• If you feel tired, pull over. Don’t try to rush home because that can put you at a higher risk of causing an accident. If there is a rest area nearby, pull over and take a short nap to help you rejuvenate.
  • If you’re finishing a late or long shift, try to arrange for someone to pick you up. Driving late at night or when your body is physically tired can put you at risk for an accident.

These tips are also applicable while you are at work. If you feel tired while operating machinery, driving a forklift, or completing a hazardous task, take a break or ask for help. There is no benefit to finishing work quickly if you get hurt or hurt someone else.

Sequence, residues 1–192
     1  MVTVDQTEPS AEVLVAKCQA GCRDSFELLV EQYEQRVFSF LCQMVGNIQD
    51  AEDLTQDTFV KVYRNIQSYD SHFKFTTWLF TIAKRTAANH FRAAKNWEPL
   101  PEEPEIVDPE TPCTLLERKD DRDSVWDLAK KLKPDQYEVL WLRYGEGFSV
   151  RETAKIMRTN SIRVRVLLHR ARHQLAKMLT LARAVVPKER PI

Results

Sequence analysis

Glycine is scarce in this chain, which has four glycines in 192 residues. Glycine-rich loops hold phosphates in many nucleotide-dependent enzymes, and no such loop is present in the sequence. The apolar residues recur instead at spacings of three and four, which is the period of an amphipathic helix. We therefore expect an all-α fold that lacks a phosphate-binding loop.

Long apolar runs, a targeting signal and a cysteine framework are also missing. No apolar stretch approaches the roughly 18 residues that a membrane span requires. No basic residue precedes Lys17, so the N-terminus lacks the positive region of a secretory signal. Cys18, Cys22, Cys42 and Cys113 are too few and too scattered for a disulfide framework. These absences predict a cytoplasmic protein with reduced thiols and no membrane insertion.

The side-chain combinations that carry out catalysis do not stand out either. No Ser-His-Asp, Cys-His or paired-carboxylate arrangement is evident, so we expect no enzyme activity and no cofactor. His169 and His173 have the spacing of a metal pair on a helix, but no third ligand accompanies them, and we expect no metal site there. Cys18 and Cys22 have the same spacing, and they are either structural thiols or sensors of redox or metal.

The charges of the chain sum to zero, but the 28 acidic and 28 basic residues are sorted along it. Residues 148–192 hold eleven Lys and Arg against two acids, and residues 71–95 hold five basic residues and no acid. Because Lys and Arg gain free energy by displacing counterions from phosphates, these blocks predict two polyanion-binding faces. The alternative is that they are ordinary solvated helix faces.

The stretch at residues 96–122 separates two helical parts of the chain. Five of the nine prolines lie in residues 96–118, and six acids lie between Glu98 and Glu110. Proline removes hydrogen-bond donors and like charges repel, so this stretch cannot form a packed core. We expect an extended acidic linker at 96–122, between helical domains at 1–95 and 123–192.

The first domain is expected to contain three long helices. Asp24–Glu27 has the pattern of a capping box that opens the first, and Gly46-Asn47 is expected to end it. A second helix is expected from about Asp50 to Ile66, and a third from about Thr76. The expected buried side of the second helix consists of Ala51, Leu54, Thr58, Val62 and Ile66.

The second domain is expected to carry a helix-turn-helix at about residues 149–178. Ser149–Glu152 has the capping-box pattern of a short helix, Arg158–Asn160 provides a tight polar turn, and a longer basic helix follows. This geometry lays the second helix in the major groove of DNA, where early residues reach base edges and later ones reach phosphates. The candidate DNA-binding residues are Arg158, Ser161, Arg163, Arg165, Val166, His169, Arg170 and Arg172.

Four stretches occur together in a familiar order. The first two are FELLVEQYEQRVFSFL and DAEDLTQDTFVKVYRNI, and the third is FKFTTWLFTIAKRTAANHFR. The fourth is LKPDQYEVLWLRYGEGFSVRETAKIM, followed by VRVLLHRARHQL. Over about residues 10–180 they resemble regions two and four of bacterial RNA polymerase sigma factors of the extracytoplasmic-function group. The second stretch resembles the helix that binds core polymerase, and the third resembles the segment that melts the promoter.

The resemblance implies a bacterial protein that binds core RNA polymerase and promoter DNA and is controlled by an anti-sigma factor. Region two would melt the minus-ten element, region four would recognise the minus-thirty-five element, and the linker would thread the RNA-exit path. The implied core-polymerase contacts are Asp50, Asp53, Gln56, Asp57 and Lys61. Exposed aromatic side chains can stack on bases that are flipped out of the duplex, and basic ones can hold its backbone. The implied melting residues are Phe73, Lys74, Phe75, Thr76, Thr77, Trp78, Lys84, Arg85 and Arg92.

Wednesday – Identifying Fatigue

The ability to identify when you’re feeling fatigued is the first step in preventing it from affecting your work. How do you identify fatigue?

Fatigue is so common that many times its effects can go unnoticed. Constantly working through fatigue can lead to a lack of productivity and a decrease in work quality.

In order to help you identify fatigue, here are some common signs of fatigue:

  • Lack of Focus: Do you ever get the nods? Your head is bobbing up and down, and your eyes stay closed a few seconds before they open again. Or the nap jerk? You’re working at the computer or at your workstation, and your eyes glaze over and suddenly your whole upper body shakes? These are ways that sleep deprivation makes focusing on the task at hand very difficult.